The pots are left unglazed, with decoration limited to a quick brush application of red slip (liquid clay). Once dry, they are fired in a kiln that appears to be little more than a hastily constructed heap of common house brick. Fueled by scrap wood the firing swift.

Although most of the pots that Krishnan makes will be sold to the Indian community, one particular item has become popular among Malays. The small rounded rice pot is often used in a ceremony surrounding the birth of a Malaysian child. Following the birth, the placenta is placed in the pot, covered and sealed, then buried ceremoniously. The tradition is still widely practiced within village communities.

A stone's throw from Krishnan's studio workshop is that of Ramadas Chettiar. In 1992, Ramadas decided to modernize his workshop. First to go was the large and ungainly potter's wheel - not unlike a cartwheel with a concrete rim to aid momentum. It has long since stopped turning and now remains idle outside his workshop to remind him of the progress he has made.

Ramadas moved away from the labor-intensive thrown and paddled technique to adopt the use of a Jolley. With this method a plaster mold forms the outside shape, while a plastic profile is lowered into the turning clay to create the inside shape. No carefully guided birth here. It is quick, efficient and produces identical pots with minimum effort. Although his father, also a traditional Indian potter, was originally against such modernization, he is now convinced that it was a good move. Ramadas speaks of the desire to change not only to increase productivity but to address a more fundamental problem - an acute shortage of skilled labor (in recent years visa restrictions have been tightened and it is now almost impossible for potters to emigrate from Southern India). The problem is exacerbated by the fact that the young show very little interest in a craft that requires diligence and long-term commitment.

Clearly adept at dealing with the economic realities that life has thrown at him, Ramadas positively beams with delight as he speaks of reduced labor cost, less physical work for himself and his wife, and the fact that he has been able to raise enough cash to buy land. His philosophy is printed on his business card for all to see:

"Man plus money = Hero, Man minus money = Zero".

For Ramadas it is not about maintaining a tradition, or the satisfaction gained through the intimate dialogue with his materials. The pots are merely a product and the goal is increased income, security for his children and improved quality of life. Admirable and understandable aspirations and, although not entirely in agreement with the slogan, I feel that few would argue with his motives. Despite the benefits that the change has brought he is still not keen for his own offspring to enter the business, preferring that they have a university education rather than continuing the traditional way of life. For the first time members of his family will be able to make career choices not just accept a profession as their destiny.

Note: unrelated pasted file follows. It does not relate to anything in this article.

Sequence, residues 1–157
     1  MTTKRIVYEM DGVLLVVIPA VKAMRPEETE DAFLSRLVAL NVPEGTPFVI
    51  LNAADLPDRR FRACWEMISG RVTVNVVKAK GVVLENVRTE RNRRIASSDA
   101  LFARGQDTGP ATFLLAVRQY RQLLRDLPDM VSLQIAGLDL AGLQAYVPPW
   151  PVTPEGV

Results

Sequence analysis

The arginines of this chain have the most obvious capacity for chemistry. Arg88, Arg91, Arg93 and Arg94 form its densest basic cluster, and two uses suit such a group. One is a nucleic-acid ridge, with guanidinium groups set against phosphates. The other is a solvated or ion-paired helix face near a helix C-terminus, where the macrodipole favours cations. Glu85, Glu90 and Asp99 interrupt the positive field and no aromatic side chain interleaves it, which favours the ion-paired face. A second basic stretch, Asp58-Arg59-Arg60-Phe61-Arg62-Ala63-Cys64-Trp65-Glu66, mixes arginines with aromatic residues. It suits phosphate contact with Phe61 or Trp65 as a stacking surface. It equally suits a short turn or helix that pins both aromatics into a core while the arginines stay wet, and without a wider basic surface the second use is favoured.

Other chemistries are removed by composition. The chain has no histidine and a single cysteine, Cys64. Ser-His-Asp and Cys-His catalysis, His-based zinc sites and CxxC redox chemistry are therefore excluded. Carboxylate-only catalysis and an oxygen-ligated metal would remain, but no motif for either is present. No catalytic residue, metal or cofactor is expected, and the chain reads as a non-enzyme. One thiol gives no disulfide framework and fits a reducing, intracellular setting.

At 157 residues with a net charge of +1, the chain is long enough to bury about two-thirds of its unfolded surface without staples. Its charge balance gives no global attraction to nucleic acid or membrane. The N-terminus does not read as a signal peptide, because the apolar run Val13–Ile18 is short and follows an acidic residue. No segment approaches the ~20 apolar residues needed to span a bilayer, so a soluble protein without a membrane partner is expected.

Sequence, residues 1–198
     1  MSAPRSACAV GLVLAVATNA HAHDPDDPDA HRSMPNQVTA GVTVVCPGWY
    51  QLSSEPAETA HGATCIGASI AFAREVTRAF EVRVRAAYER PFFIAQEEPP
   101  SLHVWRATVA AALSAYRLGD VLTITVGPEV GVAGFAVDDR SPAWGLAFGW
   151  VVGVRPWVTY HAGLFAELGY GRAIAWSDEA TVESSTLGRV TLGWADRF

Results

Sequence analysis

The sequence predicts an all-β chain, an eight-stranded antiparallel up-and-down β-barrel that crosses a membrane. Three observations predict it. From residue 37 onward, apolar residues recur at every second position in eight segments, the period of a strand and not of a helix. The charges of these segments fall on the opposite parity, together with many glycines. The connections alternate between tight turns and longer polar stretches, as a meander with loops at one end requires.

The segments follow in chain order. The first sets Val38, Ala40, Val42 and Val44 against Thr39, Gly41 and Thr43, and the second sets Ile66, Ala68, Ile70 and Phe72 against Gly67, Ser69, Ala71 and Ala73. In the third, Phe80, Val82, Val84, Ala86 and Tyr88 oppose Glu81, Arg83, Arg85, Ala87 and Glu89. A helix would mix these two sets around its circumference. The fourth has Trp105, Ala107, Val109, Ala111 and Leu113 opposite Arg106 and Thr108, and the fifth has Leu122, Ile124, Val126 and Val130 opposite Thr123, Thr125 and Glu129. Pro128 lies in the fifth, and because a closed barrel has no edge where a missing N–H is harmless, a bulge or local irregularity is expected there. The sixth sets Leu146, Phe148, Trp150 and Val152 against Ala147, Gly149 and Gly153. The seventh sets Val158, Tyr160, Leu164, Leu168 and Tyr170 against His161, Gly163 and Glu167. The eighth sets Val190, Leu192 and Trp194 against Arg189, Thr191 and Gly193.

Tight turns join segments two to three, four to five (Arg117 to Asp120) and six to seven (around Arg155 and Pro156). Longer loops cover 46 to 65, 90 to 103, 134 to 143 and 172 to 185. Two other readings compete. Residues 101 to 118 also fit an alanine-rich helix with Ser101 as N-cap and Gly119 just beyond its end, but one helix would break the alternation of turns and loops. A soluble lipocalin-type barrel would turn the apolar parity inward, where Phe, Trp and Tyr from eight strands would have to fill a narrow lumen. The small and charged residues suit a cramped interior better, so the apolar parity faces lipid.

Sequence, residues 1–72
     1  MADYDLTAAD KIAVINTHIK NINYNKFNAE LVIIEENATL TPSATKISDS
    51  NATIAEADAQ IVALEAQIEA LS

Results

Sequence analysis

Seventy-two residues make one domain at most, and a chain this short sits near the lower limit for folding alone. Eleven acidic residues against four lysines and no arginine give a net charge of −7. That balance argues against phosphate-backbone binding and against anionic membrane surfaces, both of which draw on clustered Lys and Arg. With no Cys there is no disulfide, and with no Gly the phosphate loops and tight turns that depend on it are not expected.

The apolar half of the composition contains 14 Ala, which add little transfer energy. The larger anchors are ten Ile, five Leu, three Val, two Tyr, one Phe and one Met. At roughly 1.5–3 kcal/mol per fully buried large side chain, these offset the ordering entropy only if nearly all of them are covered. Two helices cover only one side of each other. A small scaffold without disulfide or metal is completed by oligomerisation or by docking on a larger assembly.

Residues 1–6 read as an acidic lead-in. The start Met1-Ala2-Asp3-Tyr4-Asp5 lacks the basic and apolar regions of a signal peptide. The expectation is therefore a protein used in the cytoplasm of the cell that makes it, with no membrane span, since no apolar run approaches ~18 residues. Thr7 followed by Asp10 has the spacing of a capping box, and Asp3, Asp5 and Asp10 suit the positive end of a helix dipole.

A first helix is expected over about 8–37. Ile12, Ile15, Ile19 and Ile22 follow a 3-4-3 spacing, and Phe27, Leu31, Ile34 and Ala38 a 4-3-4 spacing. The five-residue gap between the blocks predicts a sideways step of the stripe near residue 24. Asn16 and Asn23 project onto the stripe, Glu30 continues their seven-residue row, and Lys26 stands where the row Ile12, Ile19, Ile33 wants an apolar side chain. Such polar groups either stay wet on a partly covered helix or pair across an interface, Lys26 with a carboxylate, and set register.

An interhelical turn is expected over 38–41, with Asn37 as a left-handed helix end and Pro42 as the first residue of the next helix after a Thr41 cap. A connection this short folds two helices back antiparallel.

Now a third potter along the road, Arumugan Perumal, has come to hold similar views and as a result has recently changed to more modern methods of production. His son is presently studying to be an engineer.

In spite of the developments at the other potteries Krishnan doesn't waver, remaining resolute in his commitment to the old ways.

As the afternoon rain begins to fall, three local children step deftly between upturned pots, hurrying to move them under cover. These boys spend their days helping around the workshop. Living as they do in poverty and without the prospect of a high-school education, they stand to benefit from Krishnan's patience and his craft may well be passed down to them. In time, it may even secure a future for their children.

Krishnan's nimble fingers make over a hundred curry pots a day, fulfilling orders from around the country. He also produces a range of items used in Indian temples during various festivals. One of the most popular items is a small dish-like oil lamp called kutuvillaku that is lit during daily prayers. Visit a temple at any time of day and you will witness worshipers lighting the wick of a lamp filled with ghee (clarified butter) and presenting it to a statue of a deity. The faithful then waft the flame towards themselves in a symbolic action signifying the light of God washing over them. As yet the lamp has not been reproduced by the semi-industrial methods adopted by his neighbors and even Ramadas finds himself at the wheel on some occasions in order to produce this best seller.

Just as the humble Chinese shop-house nestled among the ever-changing city manages to receive a respectful nod, so too the traditional work of the potter continues to find its place in the temples and homes of Malaysia. Oh, and apparently, it is essential if you want to cook a really good curry!